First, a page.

There is no alternative of TRUTH

What about self-healing algorithms or self-maintaining AI platforms” you may ask. Well, none are close to production-grade enterprise implementations today. And, it will be a while before they obviate any human intervention.

Business leaders often find it disappointing to learn that, a machine learning model, after consuming precious time and dollars of investment still needs humans for routine maintenance. Let’s see why this is the reality today and how companies can plan for it.

A Handyman’s relevance in an AI World

To understand why models still need humans, we’ll first start with a simple English explanation of how a machine learning model works, on the inside.

We’ll then cover 4 key scenarios where models usually scream for human help.

Finally, we’ll conclude by listing specific steps that businesses must plan for, to fail-proof their implementations and keep their models sane and successful.

A sneak — peek into how typical ML models work

Let us say you are a Telecom company looking to solve the big problem of customer churn. You’d like early predictive warnings on those customers who would migrate out in the coming month.

You duly collect a dozen data feeds about customer demographics, purchases, subscription plans, and service interactions. You hand over these 100+ attributes from the past few years, which run into millions of data points.

Data scientists spend their days and nights analyzing and making sense of all this data. They then build and engineer models that can predict, say 8 of 10 customers who would eventually leave. When piloted, this works beautifully and lets you focus on the task of retaining these customers. All is well, so far.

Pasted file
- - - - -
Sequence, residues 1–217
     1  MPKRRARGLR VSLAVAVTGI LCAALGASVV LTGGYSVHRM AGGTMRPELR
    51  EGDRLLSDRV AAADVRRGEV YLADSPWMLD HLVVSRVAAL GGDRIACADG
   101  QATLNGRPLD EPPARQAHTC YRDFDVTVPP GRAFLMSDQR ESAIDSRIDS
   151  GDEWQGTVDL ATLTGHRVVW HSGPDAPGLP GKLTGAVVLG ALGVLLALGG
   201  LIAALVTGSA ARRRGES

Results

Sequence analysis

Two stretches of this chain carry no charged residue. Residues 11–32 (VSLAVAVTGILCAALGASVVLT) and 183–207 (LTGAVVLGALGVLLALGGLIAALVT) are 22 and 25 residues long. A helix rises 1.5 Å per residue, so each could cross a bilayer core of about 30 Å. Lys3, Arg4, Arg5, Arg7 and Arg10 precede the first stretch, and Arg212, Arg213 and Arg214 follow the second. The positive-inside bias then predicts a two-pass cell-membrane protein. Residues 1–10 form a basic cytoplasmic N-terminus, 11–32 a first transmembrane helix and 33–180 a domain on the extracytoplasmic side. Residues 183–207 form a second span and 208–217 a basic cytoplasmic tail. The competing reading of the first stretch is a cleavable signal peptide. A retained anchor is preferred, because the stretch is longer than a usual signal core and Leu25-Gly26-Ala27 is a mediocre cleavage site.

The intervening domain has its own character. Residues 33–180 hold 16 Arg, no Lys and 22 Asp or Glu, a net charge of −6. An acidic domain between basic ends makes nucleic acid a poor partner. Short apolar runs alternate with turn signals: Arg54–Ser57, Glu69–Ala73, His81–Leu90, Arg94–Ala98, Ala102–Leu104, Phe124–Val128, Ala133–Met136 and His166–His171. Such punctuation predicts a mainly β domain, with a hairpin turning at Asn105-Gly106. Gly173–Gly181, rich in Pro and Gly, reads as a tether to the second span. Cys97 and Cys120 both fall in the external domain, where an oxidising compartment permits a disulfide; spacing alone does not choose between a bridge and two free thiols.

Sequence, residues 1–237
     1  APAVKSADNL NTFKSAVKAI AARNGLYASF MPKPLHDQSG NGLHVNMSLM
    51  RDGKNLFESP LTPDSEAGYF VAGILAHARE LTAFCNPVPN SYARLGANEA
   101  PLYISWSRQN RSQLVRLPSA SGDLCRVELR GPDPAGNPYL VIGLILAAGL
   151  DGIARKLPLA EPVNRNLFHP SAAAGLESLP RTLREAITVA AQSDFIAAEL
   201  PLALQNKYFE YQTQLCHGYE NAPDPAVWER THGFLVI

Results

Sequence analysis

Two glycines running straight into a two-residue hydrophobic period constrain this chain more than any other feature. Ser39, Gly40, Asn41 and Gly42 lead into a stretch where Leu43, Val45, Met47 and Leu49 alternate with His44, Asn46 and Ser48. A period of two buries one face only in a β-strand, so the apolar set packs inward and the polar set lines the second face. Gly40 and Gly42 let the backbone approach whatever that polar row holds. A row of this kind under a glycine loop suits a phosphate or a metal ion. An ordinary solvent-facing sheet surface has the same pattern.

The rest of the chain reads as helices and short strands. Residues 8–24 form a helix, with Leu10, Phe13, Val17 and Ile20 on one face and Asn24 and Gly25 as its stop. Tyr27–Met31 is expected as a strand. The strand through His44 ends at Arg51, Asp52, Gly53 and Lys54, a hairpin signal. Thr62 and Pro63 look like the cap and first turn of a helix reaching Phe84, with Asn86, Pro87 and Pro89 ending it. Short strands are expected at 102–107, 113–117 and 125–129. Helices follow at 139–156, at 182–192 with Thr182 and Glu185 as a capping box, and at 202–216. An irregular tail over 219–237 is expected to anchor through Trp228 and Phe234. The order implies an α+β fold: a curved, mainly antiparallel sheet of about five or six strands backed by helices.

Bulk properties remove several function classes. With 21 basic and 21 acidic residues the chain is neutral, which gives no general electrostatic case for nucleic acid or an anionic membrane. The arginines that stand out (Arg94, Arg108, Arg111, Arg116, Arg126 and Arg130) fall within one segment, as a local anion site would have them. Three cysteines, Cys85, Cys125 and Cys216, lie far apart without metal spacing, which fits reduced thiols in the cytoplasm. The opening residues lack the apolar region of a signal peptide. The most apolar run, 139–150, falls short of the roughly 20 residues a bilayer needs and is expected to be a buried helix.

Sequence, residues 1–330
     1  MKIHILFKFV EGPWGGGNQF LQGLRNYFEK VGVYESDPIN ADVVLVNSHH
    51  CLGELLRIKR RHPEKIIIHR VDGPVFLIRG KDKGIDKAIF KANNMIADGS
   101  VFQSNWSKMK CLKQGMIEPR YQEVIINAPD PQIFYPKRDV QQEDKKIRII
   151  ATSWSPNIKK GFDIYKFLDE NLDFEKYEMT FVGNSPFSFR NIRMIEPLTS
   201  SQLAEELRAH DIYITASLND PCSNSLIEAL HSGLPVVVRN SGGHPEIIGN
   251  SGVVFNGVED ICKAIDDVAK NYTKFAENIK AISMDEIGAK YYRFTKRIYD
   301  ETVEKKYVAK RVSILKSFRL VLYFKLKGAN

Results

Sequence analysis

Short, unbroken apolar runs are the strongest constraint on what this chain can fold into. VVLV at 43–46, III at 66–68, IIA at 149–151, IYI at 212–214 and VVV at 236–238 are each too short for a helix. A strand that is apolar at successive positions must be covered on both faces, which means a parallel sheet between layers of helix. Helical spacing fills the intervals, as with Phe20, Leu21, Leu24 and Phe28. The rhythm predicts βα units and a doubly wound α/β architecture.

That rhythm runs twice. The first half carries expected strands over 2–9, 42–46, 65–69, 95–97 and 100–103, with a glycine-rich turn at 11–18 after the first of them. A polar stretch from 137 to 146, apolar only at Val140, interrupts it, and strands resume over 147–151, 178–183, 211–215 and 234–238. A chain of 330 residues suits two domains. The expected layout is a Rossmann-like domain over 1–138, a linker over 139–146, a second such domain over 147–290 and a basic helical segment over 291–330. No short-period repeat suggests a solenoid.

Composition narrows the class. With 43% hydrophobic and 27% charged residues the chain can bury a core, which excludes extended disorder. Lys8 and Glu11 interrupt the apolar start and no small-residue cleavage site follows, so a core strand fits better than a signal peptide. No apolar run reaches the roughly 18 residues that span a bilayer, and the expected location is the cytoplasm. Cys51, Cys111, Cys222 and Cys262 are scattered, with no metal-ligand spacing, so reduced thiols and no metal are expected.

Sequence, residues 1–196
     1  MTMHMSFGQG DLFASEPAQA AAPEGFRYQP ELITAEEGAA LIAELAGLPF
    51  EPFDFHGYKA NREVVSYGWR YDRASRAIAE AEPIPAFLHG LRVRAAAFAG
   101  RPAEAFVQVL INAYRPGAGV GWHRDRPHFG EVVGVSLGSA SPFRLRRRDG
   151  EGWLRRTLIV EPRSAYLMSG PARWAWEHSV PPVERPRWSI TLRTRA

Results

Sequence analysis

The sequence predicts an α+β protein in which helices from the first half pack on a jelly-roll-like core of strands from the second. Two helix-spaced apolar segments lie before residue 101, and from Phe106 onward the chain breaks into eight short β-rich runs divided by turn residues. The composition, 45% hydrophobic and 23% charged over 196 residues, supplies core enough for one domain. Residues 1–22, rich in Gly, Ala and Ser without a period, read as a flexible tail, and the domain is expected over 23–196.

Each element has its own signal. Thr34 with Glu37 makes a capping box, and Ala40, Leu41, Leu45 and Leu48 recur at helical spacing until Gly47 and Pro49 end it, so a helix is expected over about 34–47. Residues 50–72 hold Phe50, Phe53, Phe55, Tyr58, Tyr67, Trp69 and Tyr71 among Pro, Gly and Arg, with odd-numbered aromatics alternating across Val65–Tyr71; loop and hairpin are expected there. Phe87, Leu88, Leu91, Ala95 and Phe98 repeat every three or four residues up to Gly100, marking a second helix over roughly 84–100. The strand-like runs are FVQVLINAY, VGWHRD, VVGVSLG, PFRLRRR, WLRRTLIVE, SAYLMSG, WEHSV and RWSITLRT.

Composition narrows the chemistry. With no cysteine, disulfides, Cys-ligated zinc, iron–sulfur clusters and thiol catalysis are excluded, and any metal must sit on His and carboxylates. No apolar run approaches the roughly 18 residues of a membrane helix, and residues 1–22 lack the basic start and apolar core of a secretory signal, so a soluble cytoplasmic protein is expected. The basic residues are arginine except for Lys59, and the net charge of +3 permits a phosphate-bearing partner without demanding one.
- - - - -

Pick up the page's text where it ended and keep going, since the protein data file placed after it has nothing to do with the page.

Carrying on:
Let’s pause now, and unwrap this magical model to inspect its internals.

From the 100+ factors of customer attributes that you supplied, you’d find just the key 3 to 5 used by the model. For example, these could be, ‘contract tenure’, ‘whether movies were streamed’, ‘kind of service complaints reported’, or more non-intuitive factors like ‘payment mode’, or the ‘number of dependents’.

After studying the strength of all signals, algorithms usually end up using a tiny set of factors (or maybe just 1!) that are most related to customer churn.

The true essence of all classification models can be encapsulated as: “Just give me a, b, c and I’ll tell you the chances for event z to occur.”

That’s all a model needs, and it does just that, at the unit level.

No, it doesn’t always crunch a million data points. No, it doesn’t model the customer brain nor does it perform any eerie reading of the human psyche. And deep learning models are not an exception either.

The entire discipline of machine learning is about identifying those few factors (predictors) and then figuring out their relationship (imagine a formula) to the outcome (target).